Regional librarians have been working hard on new ways to keep the community entertained during lockdown.
Sheryl Tilley, manager, library services for the Region of Waterloo Library says operating during the lockdown presented a challenge — one they were determined to meet.
“Not being able to open our doors has made us find new and imaginative ways to maintain service levels, improve access and convenience with a little less funding,” Tilley said.
After the lockdown was announced on Dec. 26th, libraries were forced to shut their doors; but like many organizations they moved their programming online and even increased offerings to help those stuck inside find community connections.
Families have been able to participate in free programs like online story times and Lego challenges. While kids, tweens and teens can take part in crafting, trivia and “maker” tech challenges online each week.
For those with children learning to read, the library has offered the cutest of online story companions. “Read to a Dog” gives kids a 15-minute time-slot to practice their reading skills and share their favourite story with a well-trained puppy over Zoom.
Adults get their own craft nights too, joining library staff in learning how to make something new or working on your current project while chatting with a small group over Zoom.
If you’re struggling to learn how to download books, movies and music, or just learning how to use Zoom, librarians have been coming to the rescue, offering online tech sessions designed to help familiarize people with the technology that’s quickly becoming a part of everyday life at home.
Even as the lockdown eases, continued restrictions on indoor public gatherings may keep library-run activities in an online or hybrid model.
“We are working hard to help our community to stay home, stay safe, and stay connected,” Tilley said.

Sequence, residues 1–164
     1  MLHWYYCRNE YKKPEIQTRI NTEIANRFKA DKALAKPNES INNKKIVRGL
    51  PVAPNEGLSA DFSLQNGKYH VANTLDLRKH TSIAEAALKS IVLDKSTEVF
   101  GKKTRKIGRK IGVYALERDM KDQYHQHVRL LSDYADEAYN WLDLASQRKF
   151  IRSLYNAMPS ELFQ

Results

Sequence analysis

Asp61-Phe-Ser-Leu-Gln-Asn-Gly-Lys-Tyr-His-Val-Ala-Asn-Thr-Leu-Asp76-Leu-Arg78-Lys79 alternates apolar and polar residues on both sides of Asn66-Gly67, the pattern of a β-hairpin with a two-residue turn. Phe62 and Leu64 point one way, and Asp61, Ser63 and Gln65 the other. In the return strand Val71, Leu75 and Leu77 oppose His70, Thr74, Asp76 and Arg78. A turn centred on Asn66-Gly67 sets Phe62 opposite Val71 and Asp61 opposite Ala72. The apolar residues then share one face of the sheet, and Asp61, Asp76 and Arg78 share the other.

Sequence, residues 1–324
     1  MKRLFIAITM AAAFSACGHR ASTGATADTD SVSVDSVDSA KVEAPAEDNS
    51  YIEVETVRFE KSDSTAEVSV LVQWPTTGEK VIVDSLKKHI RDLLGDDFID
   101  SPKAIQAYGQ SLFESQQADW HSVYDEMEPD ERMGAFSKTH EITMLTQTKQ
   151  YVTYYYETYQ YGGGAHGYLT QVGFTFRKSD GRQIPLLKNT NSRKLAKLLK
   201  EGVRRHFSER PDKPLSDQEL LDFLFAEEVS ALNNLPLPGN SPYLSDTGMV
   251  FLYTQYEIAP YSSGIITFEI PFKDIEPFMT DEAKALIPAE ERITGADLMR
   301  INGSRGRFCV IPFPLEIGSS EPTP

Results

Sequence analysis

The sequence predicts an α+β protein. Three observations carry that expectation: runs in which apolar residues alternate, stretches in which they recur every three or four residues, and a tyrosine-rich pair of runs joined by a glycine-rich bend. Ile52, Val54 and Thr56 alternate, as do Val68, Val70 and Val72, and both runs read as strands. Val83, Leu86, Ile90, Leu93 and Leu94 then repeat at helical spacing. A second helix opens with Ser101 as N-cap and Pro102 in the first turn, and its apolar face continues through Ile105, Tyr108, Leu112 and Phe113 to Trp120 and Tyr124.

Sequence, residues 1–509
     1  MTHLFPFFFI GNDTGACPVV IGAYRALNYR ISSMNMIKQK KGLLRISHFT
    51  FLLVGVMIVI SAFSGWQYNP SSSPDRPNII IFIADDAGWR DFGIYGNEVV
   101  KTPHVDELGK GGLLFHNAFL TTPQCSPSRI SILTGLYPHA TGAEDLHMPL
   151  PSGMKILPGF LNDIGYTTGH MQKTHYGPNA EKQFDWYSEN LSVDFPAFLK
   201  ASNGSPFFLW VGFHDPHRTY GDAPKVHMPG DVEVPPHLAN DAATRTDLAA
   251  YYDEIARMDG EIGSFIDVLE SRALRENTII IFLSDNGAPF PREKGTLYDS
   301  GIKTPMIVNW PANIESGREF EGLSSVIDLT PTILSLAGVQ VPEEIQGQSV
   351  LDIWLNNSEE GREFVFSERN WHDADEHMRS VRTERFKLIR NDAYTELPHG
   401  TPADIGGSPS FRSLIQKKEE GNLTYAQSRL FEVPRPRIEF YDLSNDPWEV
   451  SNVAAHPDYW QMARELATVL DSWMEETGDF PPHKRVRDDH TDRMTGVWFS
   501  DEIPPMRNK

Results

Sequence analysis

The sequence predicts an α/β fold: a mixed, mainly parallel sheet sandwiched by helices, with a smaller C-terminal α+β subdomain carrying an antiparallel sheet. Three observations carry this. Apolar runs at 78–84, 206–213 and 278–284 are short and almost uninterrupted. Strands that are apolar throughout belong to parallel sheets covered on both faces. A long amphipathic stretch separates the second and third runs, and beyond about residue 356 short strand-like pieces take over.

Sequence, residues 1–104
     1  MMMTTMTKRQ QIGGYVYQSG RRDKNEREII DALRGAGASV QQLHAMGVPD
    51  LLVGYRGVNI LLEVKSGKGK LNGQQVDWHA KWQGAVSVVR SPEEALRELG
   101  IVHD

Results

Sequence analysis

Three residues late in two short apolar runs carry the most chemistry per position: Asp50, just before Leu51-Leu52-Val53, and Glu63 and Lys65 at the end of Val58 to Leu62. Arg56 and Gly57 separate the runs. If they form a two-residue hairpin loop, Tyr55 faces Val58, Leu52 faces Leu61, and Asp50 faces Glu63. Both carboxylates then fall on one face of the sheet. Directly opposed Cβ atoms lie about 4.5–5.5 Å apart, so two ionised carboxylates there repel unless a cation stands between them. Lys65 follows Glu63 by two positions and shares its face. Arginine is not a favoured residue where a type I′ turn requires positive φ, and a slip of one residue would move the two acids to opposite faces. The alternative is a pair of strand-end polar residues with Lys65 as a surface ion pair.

One of the biggest challenges for local libraries has not just been creating programming, but getting the required technology into the hands of those wanting access to their services.
“We’re focusing our services and resources on what the community needs and wants most, like access to high-speed internet and internet hotspots even when the library branches are closed to the public,” said Tilley.
Just like books, customers can still check out mobile internet hotspots, board games and even video game consoles by booking them in advance and using curb side pickup. Tilley says returns of these items must be booked in advance as well, as they’re too big and sensitive to be returned through the drop-box.
Books are available through curb side pickup as well, and can be reserved online or by phone, but those worried about that book stuck under their bed can take a deep breath. For right now, over-due fines are a thing of the past.
The Kitchener Public Library made the announcement this month that they were permanently eliminating overdue fines as a way to help eliminate barriers people face when access library services.
While that library has joined a growing number going fine-free, Tilley says regional branches haven’t made the leap just yet.
“We are currently looking into multiple solutions that will enhance the free exchange of library materials into the waiting hands of our rural citizens,” she said.
Other lockdown library services include the Ask a Librarian feature, which allows residents to call in with questions, a book recommendation service to help you find your next great read and even access to online TV programming.
“To access any or all of these services, all you need is your Region of Waterloo library card,” says Tilley.
For more information or to apply for a library card visit rwlibrary.ca or call 226-748-8030.
Written by Elizabeth Bate